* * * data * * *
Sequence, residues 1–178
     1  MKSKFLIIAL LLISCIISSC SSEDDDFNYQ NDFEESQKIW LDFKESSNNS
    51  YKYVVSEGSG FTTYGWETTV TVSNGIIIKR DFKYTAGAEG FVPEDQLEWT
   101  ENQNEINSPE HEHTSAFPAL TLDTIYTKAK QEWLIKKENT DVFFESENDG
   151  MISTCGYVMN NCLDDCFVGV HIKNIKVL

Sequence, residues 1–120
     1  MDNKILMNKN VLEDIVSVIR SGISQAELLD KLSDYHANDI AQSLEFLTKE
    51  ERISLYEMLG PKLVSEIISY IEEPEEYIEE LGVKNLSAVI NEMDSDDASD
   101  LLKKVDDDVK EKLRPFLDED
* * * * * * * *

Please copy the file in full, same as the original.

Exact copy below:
Sequence, residues 1–178
     1  MKSKFLIIAL LLISCIISSC SSEDDDFNYQ NDFEESQKIW LDFKESSNNS
    51  YKYVVSEGSG FTTYGWETTV TVSNGIIIKR DFKYTAGAEG FVPEDQLEWT
   101  ENQNEINSPE HEHTSAFPAL TLDTIYTKAK QEWLIKKENT DVFFESENDG
   151  MISTCGYVMN NCLDDCFVGV HIKNIKVL

Sequence, residues 1–120
     1  MDNKILMNKN VLEDIVSVIR SGISQAELLD KLSDYHANDI AQSLEFLTKE
    51  ERISLYEMLG PKLVSEIISY IEEPEEYIEE LGVKNLSAVI NEMDSDDASD
   101  LLKKVDDDVK EKLRPFLDED